‘Face of Winter’ at Peery’s Egyptian will honor skiing legend Warren Miller

‘Face of Winter’ at Peery’s Egyptian will honor skiing legend Warren Miller

OGDEN — If the weather is turning cold, it must be time for another Warren Miller winter sports movie.

Each fall since 1950, Warren Miller Entertainment has produced a feature-length film about skiing and snowboarding. This year’s offering — the company’s 69th, for those who are counting — is called “Face of Winter.” And the double meaning is fairly apparent.

Miller, who produced, directed and narrated the annual films for decades, died this past January at the age of 93. Miller hadn’t had a hand in the movies since 2004, although he continued to lend his name to them.

Still, for many who follow these cold-weather sports, Warren Miller had become the unofficial face of winter.

The Ogden premiere of this year’s film will be held at 7:30 p.m. Tuesday, Wednesday and Thursday, Oct. 23-25, at Peery’s Egyptian Theater, 2415 Washington Blvd. Tickets are $21.

Salt Lake City native and resident Marcus Caston is one of the professional skiers featured in “Face of Winter.” He’ll also be on hand next week for the screenings in Ogden.

Caston says the impact of Miller on the ski industry can’t be overstated.

“‘Face of Winter’ is kind of a tribute to Warren,” Caston told the Standard-Examiner in a phone call from Portland, Ore. “He’s the iconic face of our sport.”

Miller’s death was a “big blow” to the entire ski community, according to Caston.

“He was such a big presence in the ski world; I’ve never known a world without Warren Miller,” he said.

Caston was in Portland on Friday, waiting for the world premiere of “Face of Winter” that night. Although advance copies have been available, Caston said he hadn’t seen the film yet — he prefers to see it on the big screen. So he was waiting for that night’s premiere.

But Caston also knew what to expect from the film.

“I kind of have an idea, because I was there when they shot my segment, but sometimes it ends up totally different than what you think,” he said. “It’s so many amazing skiers, and traveling to amazing places.”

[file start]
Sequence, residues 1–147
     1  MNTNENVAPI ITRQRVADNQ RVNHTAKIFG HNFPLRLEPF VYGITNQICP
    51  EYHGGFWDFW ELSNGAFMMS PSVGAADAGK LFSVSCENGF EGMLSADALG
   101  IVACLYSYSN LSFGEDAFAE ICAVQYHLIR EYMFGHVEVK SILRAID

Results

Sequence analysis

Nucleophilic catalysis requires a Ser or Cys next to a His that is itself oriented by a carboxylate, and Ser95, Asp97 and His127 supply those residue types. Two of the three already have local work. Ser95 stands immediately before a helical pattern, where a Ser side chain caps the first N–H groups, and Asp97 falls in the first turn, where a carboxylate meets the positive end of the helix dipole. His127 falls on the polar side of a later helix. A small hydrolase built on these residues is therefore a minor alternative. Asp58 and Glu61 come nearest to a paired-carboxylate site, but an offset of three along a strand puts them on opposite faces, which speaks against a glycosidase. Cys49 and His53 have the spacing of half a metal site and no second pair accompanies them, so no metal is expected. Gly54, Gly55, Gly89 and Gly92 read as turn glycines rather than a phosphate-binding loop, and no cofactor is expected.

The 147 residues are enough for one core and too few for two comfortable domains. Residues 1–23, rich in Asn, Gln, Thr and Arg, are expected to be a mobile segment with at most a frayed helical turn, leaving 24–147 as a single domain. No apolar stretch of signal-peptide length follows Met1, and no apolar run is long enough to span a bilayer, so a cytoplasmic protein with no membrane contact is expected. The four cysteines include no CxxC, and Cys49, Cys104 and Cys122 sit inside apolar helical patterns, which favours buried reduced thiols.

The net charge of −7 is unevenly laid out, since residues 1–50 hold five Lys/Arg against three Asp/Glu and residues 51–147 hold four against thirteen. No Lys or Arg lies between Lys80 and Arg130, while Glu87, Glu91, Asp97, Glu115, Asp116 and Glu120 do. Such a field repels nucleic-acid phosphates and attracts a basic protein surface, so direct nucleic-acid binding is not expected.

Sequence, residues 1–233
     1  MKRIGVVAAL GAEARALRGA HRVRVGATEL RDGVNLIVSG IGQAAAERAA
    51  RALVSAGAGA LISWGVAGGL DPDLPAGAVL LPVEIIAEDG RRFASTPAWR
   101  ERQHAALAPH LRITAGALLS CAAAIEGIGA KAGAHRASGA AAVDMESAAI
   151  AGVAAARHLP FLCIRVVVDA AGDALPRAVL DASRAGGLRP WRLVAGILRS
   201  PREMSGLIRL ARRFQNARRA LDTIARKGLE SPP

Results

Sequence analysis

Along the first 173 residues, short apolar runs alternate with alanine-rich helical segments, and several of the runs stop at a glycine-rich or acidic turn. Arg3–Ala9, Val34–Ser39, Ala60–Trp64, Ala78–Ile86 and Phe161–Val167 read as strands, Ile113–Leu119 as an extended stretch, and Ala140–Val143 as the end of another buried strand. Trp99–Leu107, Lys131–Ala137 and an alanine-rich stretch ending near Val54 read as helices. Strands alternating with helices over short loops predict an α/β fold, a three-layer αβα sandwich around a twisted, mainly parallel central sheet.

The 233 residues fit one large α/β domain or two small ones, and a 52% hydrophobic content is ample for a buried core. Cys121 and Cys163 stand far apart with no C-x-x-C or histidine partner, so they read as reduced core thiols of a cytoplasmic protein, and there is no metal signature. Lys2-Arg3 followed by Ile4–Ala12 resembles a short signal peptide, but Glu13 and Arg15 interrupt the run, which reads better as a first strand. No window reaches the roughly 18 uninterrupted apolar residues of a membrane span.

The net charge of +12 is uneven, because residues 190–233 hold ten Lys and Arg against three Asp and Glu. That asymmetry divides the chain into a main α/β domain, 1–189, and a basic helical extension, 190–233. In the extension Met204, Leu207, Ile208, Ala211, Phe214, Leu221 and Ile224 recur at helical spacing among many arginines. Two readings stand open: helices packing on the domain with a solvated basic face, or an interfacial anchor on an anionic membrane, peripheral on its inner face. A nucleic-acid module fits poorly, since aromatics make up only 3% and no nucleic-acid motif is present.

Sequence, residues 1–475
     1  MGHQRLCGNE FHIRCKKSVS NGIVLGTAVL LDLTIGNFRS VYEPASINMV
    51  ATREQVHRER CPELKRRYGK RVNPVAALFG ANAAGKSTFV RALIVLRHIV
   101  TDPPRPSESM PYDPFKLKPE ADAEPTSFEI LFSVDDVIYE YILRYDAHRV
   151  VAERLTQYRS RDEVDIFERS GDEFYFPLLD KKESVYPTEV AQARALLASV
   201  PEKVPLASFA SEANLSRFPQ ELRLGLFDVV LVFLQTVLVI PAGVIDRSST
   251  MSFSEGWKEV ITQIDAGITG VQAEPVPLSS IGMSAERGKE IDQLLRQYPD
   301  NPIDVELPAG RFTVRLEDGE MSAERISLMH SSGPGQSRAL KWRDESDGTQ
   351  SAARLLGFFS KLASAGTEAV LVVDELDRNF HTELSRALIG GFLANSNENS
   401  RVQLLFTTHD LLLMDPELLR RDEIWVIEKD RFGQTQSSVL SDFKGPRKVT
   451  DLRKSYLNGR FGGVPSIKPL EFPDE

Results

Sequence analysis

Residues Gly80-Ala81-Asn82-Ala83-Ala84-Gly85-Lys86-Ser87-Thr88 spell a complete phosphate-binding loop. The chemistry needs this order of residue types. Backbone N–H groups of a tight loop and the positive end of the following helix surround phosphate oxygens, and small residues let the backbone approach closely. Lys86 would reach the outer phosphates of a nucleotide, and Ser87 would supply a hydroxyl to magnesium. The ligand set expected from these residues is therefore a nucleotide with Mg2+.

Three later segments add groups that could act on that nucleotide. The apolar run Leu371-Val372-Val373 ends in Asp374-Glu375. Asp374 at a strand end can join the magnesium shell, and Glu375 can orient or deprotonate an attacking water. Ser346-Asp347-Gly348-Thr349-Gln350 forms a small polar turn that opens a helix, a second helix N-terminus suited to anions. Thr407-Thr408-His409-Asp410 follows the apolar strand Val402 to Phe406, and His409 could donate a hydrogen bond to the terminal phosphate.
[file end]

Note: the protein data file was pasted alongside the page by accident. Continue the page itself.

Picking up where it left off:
Also, Caston said Miller died before “Face of Winter” was completely shot and edited, so he suspects “a lot of these segments were shot with the idea of going into it as something of a tribute.”

“I haven’t seen it, but I would expect to see a lot of old Warren Miller footage in this one,” Caston said. “He’s really the legend in all this.”

A news release from Warren Miller Entertainment confirms the film will “celebrate the man who became known as the face of winter throughout the industry, and the places and people he influenced along the way.”

The 30-year-old Caston has been skiing — and watching Warren Miller ski movies — longer than he can remember.

“Every year growing up I used to go to Warren’s movies,” he said. “It’s the official kickoff for winter for me and a lot of other skiers.”

Caston grew up skiing at Snowbird and Alta, and started racing when he was 12 years old. After high school, failing to make the U.S. Ski Team, Caston attended Westminster College in Salt Lake and earned a degree in marketing.

He happened into professional skiing strictly by accident. He was on the tram one winter day when he saw some friends shooting skiing footage. They told Carston he should try it, so he did. His skiing photos started getting published in magazines, and it snowballed from there.

Caston admits he’s lost count, but says “Face of Winter” marks his fifth or sixth appearance in a Warren Miller movie. When he’s not off at a Warren Miller shoot, the 30-year-old is running the all-summer-long Party Beach Ski Camps on the glacier at Mount Hood, Ore. Caston says he couldn’t ever have predicted he’d make it into a Warren Miller movie.

“I think as a kid you dream big, I guess,” he said. “I’d go to these movies and say, ‘One day I’ll do this.’ And maybe when you’re a kid, you believe it. I mean, I never knew I was going to do this, but I also thought it would be super cool to be in a Warren Miller movie.”

Today, Caston can’t imagine doing anything else.

“I joke about it, but it’s kind of true — I have no other skills,” he said. “I started skiing at 2 years old; I don’t remember a time I didn’t ski. I don’t honestly know what else to do.”

Caston admits he’s not getting rich as a professional skier, but then, that’s not what he’s after.

“As far as making a living goes, you’re not making baseball money, that’s for sure,” he said. “But if I was making a million dollars as a doctor, it wouldn’t change the fact that I had to get up and actually go to work, which I would not enjoy. I enjoy getting up every morning to do what I do.”

Caston’s advice to young people? Do what you love, no matter what it is.

“Whatever you love, the world is big enough and weird enough now that you can find a job doing it,” he said. “Don’t just go into finance because you think you have to. Do what you love even if you don’t have a clear path, and it will work out.”

And the best part about skiing? Caston says he’ll be able to continue the sport for decades to come, even into his old age.

“As long as the powder’s soft,” he jokes.

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